It was about one and a half years ago that I finally I arrived where I had always wanted to be and do what I had always wanted-- teach students, support small language communities and conduct research on African languages on my doorstep. The University of Cape Town and my new colleagues welcomed my efforts to establish the Centre for African Language Diversity-- CALDi as well as The African Language Archive-- TALA and I was recently appointed the Mellon Research Chair: African Language Diversity this initiative. The main aim of CALDi is to train young African scholars in descriptive linguistics and open up space for research into African languages at UCT with the hopes of countering the dominance of African linguistics outside the continent. It has been a great challenge for which my whole career has been a form of preparation...Read more
The Cambridge Handbook of Communication Disorders examines the full range of developmental and acquired communication disorders and provides the most up-to-date and comprehensive guide to the epidemiology, aetiology and clinical features of these disorders.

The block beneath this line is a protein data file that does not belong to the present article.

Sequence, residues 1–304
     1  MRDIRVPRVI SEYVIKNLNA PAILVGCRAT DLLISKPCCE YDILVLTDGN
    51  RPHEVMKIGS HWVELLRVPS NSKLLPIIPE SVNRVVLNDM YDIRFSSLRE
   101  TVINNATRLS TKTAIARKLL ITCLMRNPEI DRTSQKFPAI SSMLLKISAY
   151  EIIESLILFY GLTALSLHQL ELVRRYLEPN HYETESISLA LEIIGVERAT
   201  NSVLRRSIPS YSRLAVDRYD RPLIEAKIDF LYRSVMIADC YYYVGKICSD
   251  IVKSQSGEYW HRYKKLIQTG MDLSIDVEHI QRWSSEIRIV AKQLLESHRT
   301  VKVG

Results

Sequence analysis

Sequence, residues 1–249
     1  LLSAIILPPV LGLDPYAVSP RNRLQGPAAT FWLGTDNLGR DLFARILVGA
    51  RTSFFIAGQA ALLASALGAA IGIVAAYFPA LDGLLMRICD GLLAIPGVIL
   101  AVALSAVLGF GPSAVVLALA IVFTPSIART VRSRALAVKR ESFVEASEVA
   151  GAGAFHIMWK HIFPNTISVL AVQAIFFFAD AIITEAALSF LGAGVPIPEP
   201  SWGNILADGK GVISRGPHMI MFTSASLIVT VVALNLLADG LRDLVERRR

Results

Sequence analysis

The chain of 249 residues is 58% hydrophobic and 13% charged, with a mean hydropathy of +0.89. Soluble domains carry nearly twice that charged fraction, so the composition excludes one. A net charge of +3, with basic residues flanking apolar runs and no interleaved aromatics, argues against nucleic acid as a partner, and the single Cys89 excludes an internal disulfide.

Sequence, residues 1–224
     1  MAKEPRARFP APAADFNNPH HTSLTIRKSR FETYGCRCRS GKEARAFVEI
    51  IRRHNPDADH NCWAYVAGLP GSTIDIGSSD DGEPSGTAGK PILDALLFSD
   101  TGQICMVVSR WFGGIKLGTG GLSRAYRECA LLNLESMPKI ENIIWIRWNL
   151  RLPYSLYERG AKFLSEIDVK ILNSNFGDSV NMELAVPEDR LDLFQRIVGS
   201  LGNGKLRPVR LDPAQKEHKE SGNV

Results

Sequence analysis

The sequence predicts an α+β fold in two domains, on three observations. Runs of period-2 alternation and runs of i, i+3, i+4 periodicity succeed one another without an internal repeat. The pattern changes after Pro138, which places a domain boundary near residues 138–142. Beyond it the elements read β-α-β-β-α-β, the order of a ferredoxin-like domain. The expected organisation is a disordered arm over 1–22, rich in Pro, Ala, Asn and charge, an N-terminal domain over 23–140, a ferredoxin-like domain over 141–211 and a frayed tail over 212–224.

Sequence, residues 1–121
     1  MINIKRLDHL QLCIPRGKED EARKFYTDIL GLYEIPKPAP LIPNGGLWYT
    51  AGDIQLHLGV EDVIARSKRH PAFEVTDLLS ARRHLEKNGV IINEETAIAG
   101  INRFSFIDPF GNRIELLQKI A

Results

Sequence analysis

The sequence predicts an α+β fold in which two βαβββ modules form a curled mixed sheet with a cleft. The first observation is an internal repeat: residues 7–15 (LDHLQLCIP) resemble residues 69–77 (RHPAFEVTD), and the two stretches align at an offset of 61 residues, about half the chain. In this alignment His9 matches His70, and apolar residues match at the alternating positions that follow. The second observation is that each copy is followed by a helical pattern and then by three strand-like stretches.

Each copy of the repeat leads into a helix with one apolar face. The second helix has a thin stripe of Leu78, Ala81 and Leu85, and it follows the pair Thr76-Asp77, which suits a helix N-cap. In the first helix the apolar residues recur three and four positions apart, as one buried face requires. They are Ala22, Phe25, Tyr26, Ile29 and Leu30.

This book is the first attempt to provide a unified account of the
be-possessive syntax and its extension to the modal and the
perfect constructions in Russian/North Russian within a generative
framework. Apparently diverse constructions are construed as
deriving from the have/be parameter, which depends on the
utilization of the prepositional complementizer with a Case feature.
The be-perfect structure provides an adequate environment
where ergativity is encoded via verbal nominalization. The relevance
of the be-perfect structure for a split ergative pattern shows
that the ergative system is a syntactically conditioned phenomenon
rather than a purely morphological diversity. This volume also offers
the diachronic study of the be-syntax, investigating the
evolution of the be-perfect and be-modal
constructions, which has rarely been explored within a formal
framework. Concrete scenarios are proposed for the developmental
paths of the be-perfect and the be-modal
constructions, based on textual evidence in old North Russian.